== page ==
“And behold, I am with you always, to the end of the age.”

To this end our Lord’s Ascension comforts us because he is near to us and with us in Word and Sacrament, especially in the Sacrament of the Altar. Moreover, he sends men to proclaim his Gospel and distribute forgiveness through his Sacraments. The Office of the Holy Ministry is a gift from our ascended Lord.

As he sits at the right hand of the Father, the position of honor and power, he rules over all things temporal as well. The Apostle Paul writes:

And he put all things under his feet and gave him as head over all things to the church, 23 which is his body, the fullness of him who fills all in all. [Eph. 1.22-23]

Psalm 110.1 foresaw this:

The Lord says to my Lord:

“Sit at my right hand,

until I make your enemies your footstool.”

In the ancient world conquering kings often had a footstool on which the images of the enemies they conquered were carved. To put someone under one’s feet describes the king’s victory over his foes. That’s what the session to the right hand of God means for us with all its implications of our Lord’s victory. He is the King over all kings and rules. None can usurp his throne.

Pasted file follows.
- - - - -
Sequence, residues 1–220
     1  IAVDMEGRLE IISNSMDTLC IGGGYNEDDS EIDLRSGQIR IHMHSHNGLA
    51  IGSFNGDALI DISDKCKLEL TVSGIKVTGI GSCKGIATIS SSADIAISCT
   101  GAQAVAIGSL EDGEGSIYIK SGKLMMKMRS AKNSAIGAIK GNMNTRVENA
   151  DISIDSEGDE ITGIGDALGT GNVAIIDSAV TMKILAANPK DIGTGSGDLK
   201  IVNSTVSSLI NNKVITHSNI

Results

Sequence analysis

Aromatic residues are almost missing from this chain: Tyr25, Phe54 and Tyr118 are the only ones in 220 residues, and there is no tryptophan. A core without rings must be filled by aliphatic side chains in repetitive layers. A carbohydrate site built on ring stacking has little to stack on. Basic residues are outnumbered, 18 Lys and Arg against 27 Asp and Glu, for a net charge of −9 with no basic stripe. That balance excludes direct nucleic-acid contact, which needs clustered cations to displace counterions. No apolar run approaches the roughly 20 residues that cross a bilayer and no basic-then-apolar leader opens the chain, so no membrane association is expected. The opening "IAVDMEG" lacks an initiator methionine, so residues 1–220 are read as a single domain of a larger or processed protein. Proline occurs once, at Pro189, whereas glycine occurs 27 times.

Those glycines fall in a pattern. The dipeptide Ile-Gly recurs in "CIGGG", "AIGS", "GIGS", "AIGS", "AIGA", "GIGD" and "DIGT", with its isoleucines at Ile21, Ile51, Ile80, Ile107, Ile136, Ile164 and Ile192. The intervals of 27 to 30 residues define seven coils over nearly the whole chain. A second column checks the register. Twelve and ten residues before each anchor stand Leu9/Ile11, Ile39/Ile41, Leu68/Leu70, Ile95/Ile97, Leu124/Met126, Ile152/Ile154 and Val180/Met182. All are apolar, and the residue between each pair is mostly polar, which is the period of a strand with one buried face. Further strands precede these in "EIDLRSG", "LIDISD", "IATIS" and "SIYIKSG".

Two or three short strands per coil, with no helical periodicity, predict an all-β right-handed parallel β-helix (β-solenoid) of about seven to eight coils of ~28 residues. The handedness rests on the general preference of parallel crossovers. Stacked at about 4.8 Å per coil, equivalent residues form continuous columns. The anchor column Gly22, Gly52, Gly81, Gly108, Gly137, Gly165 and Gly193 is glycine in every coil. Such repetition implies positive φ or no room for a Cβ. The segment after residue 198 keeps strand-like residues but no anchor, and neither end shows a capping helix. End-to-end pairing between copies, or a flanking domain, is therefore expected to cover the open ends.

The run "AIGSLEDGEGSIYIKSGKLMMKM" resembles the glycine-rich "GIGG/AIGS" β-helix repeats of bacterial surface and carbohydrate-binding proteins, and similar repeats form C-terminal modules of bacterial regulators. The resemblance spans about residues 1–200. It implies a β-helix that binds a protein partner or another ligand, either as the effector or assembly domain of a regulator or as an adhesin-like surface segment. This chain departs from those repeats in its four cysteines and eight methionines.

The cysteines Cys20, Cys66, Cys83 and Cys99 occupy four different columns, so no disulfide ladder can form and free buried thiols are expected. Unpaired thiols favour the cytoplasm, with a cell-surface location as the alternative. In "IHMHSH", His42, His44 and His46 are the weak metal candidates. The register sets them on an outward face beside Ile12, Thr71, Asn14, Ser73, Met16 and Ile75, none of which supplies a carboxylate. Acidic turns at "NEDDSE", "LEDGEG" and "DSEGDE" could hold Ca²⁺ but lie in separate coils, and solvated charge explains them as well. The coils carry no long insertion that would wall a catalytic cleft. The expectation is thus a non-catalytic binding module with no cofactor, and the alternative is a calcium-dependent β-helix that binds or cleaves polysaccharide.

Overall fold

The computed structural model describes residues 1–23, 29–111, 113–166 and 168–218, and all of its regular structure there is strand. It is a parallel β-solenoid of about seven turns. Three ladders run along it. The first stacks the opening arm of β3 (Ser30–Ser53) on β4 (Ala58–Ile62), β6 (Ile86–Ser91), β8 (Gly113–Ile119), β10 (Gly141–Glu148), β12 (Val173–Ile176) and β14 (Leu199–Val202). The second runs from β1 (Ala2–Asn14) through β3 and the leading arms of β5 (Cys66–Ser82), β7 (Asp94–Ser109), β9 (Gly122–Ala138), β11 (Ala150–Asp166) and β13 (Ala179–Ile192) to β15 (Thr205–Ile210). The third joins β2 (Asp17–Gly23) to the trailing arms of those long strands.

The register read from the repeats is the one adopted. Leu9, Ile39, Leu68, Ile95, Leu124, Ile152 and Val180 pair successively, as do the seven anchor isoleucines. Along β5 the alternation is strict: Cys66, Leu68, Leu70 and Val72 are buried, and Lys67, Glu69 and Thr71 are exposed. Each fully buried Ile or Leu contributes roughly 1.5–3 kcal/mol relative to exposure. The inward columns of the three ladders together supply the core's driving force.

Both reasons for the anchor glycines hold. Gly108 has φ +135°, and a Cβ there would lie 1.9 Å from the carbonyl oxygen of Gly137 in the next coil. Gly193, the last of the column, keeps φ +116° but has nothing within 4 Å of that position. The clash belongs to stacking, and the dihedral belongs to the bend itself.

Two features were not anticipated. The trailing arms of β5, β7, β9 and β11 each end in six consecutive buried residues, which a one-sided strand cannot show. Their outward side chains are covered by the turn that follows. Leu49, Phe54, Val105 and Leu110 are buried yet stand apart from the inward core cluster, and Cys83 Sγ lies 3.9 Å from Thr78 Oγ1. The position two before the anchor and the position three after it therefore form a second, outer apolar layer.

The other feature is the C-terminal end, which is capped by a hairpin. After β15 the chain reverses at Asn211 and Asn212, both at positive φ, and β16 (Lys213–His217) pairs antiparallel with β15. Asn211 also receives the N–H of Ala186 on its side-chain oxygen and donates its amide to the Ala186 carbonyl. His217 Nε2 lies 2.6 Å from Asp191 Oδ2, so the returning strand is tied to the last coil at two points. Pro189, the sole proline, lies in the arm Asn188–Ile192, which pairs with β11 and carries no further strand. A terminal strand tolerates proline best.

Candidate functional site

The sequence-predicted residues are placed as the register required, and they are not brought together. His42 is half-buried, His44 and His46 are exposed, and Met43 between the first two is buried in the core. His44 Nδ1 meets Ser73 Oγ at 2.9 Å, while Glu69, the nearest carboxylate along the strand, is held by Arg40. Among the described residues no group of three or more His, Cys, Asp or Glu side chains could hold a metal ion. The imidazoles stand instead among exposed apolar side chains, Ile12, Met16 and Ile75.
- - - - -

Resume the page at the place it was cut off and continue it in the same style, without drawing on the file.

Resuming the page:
What a comforting fact this is in this age of anarchy and upheaval with many trying to place themselves on Christ’s throne. They cannot succeed because he has already won the victory over sin, death, and hell, and there is none who can dethrone him, try as they might.

Christopher Wordsworth captures Christ’s Ascension and Session so beautifully:

He has raised our human nature

On the clouds to God’s right hand;

There we sit in heav’nly places,

There with Him in glory stand.

Jesus reigns, adored by angels;

Man with God is on the throne.

By our mighty Lord’s ascension

We by faith behold our own. LSB 494.5

Christ rules all things for the good of his Bride, the Church. Christ rules all things as the Lord of creation. Whatever earthly calamities and disasters we may experience, our gracious Lord rules all things for our good. Even the Wuhan corona virus lies under his control. We should not live in fear. He controls everything and loves us beyond our comprehension. We cannot always see the details nor understand them but we trust that Christ’s promise is true that rules all things for his children’s eternal good.

At the Last Day of this earth’s existence Christ will return in glory to judge the living and the dead, to separate the sheep of his hand from the goats. He will raise our mortal bodies from their graves and imbue them with never-ending life. Then all will be complete as those who have believed in him for their redemption will enter the new heavens and the new earth where all pain, suffering, distress, tears, and mourning will be gone forever.

Thus, Christ’s Exaltation brings us comfort as we pass through this earthly valley of tears knowing that his glory will one day be ours.

In the Name of the Father and of the Son and of the Holy Spirit.